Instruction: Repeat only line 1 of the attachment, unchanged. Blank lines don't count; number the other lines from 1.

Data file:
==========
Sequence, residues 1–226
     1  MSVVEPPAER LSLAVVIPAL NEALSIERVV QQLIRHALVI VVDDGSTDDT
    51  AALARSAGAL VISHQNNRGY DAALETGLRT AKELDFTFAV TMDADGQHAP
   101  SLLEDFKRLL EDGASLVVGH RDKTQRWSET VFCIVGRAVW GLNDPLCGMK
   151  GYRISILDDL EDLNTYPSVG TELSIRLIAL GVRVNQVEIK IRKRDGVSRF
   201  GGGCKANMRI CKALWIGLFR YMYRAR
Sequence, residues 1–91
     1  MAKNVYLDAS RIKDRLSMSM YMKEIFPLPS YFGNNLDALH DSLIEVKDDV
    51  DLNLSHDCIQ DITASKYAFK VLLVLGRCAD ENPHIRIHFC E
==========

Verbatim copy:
Sequence, residues 1–226